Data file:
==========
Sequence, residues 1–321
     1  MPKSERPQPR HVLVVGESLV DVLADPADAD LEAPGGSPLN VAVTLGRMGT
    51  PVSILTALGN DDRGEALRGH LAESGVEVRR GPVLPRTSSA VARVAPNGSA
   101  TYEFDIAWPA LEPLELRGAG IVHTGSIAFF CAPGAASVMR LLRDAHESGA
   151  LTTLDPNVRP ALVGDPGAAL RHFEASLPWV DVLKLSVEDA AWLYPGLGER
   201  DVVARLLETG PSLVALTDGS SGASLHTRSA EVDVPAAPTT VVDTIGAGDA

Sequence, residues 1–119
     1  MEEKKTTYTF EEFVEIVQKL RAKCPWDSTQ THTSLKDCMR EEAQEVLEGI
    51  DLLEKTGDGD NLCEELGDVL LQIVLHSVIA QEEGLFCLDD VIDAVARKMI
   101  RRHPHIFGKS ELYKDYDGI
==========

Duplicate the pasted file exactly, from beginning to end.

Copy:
Sequence, residues 1–321
     1  MPKSERPQPR HVLVVGESLV DVLADPADAD LEAPGGSPLN VAVTLGRMGT
    51  PVSILTALGN DDRGEALRGH LAESGVEVRR GPVLPRTSSA VARVAPNGSA
   101  TYEFDIAWPA LEPLELRGAG IVHTGSIAFF CAPGAASVMR LLRDAHESGA
   151  LTTLDPNVRP ALVGDPGAAL RHFEASLPWV DVLKLSVEDA AWLYPGLGER
   201  DVVARLLETG PSLVALTDGS SGASLHTRSA EVDVPAAPTT VVDTIGAGDA

Sequence, residues 1–119
     1  MEEKKTTYTF EEFVEIVQKL RAKCPWDSTQ THTSLKDCMR EEAQEVLEGI
    51  DLLEKTGDGD NLCEELGDVL LQIVLHSVIA QEEGLFCLDD VIDAVARKMI
   101  RRHPHIFGKS ELYKDYDGI